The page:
• Soy sauce – 1/3 of a cup- I prefer ‘Tamari’, which is a type (one of five) of Japanese soy sauce.
  • Oyster sauce-3 tablespoons. I prefer vegetarian oyster flavored sauce.
  • Sesame oil – one tablespoon
  • Sesame seeds, roasted- handful
  • Green onions- optional, one bunch chopped finely,
  • Tofu- optional, extra firm, one package. Cut the tofu into strips that look like French fries and are approximately one centimeter thick and 4-5 centimeters long
  • Large colander


  1. Broccoli- cut, clean, trim and wash the broccoli. Don’t cut too small. Try and keep natural branch-like look of broccoli. Boil water in a large pot. Place broccoli in BOILING WATER and cover for 2 min- 3 min. DO NOT OVERCOOK!!! You only want to blanche the broccoli and keep it firm, not limp. Immediately, drain in colander and place broccoli into large bowl with ice and cold water. Completely submerse the broccoli in the cold water and leave to cool for at least 15 minutes. (You can start the tofu now if you choose.) Once broccoli has cooled down completely, drain the water in a colander and dry off as much as possible. Don’t drain till completely cooled off.

  2. Tofu-. Heat up wok on high till just about to smoke. Add cooking oil, swirling it around continuously to coat all the surfaces. Heat up the oil to just before it smokes. Place tofu in oil and stir-fry gently so as not to break up tofu into little pieces. Brown the outside without burning. This usually takes about 10-15 minutes. Scoop out the tofu using a spoon with holes and set aside.

  3. Heat up wok till just about to smoke. Add cooking oil (or use oil that was just used for the tofu), swirling it around continuously to coat all the surfaces and again heat up the oil to just before it smokes. Add pepper and swirl around for 10 seconds. Add garlic and swirl around for 10 seconds. Add broccoli and stir-fry vigorously for 1 minute coating all surfaces of the broccoli. Add green onions now and stir-fry for another 20 seconds. Add soy sauce, Shao Xing cooking wine, and oyster sauce. If you are using the tofu, place it in now. Mix and stir vigorously for 2 minutes.

  4. Immediately drain the contents of the wok into a colander in the sink and shake off any excess liquid still on the broccoli. Make sure you remove as much liquid as possible. You only want the broccoli ‘coated’ and not sitting in a sauce.

  5. Transfer the broccoli into a serving dish. Drizzle sesame oil all over the broccoli. Sprinkle the sesame seeds liberally. Cover and store or serve immediately.

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Filed under Asian, Veggies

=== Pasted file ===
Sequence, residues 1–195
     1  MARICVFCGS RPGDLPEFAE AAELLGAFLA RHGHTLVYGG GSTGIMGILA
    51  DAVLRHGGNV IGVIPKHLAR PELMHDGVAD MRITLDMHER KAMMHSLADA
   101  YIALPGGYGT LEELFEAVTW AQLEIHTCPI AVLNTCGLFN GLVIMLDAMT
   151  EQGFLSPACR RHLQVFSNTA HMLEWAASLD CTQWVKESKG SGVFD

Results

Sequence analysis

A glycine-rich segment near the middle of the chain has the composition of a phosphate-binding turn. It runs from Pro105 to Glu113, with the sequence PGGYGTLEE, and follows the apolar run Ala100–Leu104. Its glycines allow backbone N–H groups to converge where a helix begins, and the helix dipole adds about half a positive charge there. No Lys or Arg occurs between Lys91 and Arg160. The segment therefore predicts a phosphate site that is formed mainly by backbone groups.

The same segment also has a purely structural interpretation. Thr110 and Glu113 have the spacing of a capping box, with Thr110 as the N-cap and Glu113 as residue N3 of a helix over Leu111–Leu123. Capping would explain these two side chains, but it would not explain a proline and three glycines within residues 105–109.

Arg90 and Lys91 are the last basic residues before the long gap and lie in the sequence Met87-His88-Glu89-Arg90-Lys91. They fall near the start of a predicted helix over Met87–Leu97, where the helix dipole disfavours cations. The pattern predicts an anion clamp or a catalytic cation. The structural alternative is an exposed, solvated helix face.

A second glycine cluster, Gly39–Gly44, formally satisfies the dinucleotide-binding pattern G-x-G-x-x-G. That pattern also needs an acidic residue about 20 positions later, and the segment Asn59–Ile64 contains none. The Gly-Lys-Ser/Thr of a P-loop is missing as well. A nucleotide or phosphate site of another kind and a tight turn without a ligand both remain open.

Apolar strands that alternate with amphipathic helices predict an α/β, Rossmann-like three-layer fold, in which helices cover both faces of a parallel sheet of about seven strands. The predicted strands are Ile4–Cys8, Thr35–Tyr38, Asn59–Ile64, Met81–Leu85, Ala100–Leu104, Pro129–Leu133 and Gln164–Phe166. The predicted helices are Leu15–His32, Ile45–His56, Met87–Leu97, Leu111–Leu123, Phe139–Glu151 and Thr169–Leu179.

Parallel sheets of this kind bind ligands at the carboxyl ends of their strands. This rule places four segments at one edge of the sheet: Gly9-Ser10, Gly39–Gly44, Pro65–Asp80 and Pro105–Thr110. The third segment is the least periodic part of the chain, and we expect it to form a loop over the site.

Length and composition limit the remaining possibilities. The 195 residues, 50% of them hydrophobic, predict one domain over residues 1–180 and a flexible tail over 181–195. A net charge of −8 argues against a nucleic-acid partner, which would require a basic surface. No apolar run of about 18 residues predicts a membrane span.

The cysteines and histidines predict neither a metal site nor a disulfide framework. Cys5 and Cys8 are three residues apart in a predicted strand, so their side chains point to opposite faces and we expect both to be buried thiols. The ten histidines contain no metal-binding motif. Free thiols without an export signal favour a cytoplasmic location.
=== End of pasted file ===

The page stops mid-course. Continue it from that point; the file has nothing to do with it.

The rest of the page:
Eli Shem-Tov’s Chummus

Be sure to eat lots of this before you go visit Eli Shem-Tov in the dentist’s chair, and breathe your thick garlicky breath on your friendly dentist. You can visit Eli’s website at: http://www.northyorkdental.com/dental-clinic.php

TO know more about the man behind the chickpeas, see below:

Dr. Shem-Tov as a child

Dr. Shem-Tov was a patient at North York Dental since he was a young boy and was inspired by his childhood dentist, Dr. Tom McKean (past President of the Royal College of Dental Surgeons of Ontario), to pursue a career in dentistry.

As an undergraduate, Dr. Shem-Tov studied neuroscience at the University of Toronto. In 1988, he entered the Schulich School of Medicine and Dentistry at the University of Western Ontario and received his DDS. He then returned home to North York and became the dentist at his boyhood practice.

2 Dr. Shem-Tov at the University

Dr. Shem-Tov is currently a clinical instructor at the Faculty of Dentistry at the University of Toronto. He has volunteered his dental skills in his travels to Africa, Asia, the Caribbean and Central America.

Dr. Shem-Tov lives in the Annex and is a passionate cyclist, avid skier and horrible golfer. He is more than happy to swap recipes and stories about his two children, Levi and Zoe.

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  • one can of chickpeas (CEDAR is the best brand); reserve juice from can
  • 3-6 cloves of garlic – depending how garlicky you like it
  • 4-6 tablespoons of tahina (sesame seed paste); preferably Middle Eastern
  • 3 tablespoons olive oil – preferably a Middle Eastern brand
  • sprinkle of cumin
  • the juice of 1 fresh lemon
  • optional: za’tar


  1. Crush garlic in a garlic press & put it in food processor
  2. Add tahina, sprinkle of cumin, olive oil, lemon juice and 3-5 tablespoons of the chick pea juice reserve to food processor; blend until texture is light and smooth
  3. Add drained chick peas – in portion, and pulse to maintain a chunky texture; if you like it smoother, blend until desired texture is reached
  4. You’re done; nice to place it on a dish and use tablespoon to “shmear” around a plate; drizzle a little olive oil, paprika and parsley and eat with a brown egg.
  5. Best served at room temperature, with warm pita.